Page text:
The Survival of the Fittest

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It was March 12, 1979 when a fire broke out in the Copley Hotel in Boston. Set by a disgruntled employee, the fire killed two people while others screamed for their lives, and a solitary man desperately clung from a third-floor ledge of a window while fire consumed his hand and much of his body. Despite all odds, after 60 hours of surgery and five operations, Sumner Redstone survived.
Sumner Redstone always survives.

“After the third operation, the doctors came in and took the bandages off to see if the skin graft took, and it did,” recalls Sumner. “The doctor said, ‘Congratulations,’ and I said, ‘Wait a minute, you guys saved my life and you’re congratulating me?’ And the doctor said to me, ‘Everything we know about burn surgeries is on your body: skin grafts, bone grafts, your toes were nailed to your foot. The reason you are alive is because of you and your will to win.’ I’ll tell you, there is no bigger win than your life. I think today, that no matter what the disease, if people have an obsessive desire to win they will have a better chance of surviving.”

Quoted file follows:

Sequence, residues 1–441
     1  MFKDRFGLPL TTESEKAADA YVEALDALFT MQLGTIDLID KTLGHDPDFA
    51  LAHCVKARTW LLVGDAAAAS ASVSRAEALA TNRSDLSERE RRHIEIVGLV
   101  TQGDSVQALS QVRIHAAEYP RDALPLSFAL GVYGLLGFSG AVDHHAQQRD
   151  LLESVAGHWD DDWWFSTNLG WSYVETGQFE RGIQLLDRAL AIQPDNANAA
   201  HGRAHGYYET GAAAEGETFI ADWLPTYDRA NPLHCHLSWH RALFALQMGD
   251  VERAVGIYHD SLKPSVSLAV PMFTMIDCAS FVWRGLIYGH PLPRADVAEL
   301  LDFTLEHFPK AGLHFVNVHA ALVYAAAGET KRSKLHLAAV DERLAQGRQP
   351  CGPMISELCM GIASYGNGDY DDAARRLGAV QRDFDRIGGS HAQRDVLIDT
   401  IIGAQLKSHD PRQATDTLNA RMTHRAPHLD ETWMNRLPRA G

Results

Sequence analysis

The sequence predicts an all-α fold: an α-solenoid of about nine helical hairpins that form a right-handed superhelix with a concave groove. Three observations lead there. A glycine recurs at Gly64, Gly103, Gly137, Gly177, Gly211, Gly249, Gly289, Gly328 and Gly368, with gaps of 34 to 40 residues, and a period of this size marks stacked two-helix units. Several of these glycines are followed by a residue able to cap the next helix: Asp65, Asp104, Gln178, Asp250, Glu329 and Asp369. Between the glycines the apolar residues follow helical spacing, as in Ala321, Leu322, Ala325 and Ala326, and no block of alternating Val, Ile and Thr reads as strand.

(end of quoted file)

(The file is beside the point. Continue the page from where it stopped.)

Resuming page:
And an obsessive desire to win is the essence of Sumner.

Sumner Murray Rothstein was born May 27, 1923 in a Boston tenement. (Seventeen years later his father changed their last name to Redstone.) Most of his childhood was spent in a small apartment without the luxury of a bathroom. His father struggled to make a living. Some of Sumner’s earliest memories of his father are of his work as a linoleum salesman with linoleum strapped to his back. Sumner recalls his mother being a “tyrant” who constantly drove him to succeed, with education at the top of the list. Eventually the family found better times. They acquired a piano, and what Sumner remembers is that his mother requiring him to practice an hour every day.

“My mother used to sneak into the room and turn the clock back so I had to practice an extra half-hour, but I really enjoyed the piano. Before I got injured I was a great classic pianist, concert pianist, and jazz player. Now it’s difficult to play with my hand, but back then my teacher actually wanted me to be a professional musician. He used to send me out with big bands, and at Harvard I had my own band. I really enjoyed music.”

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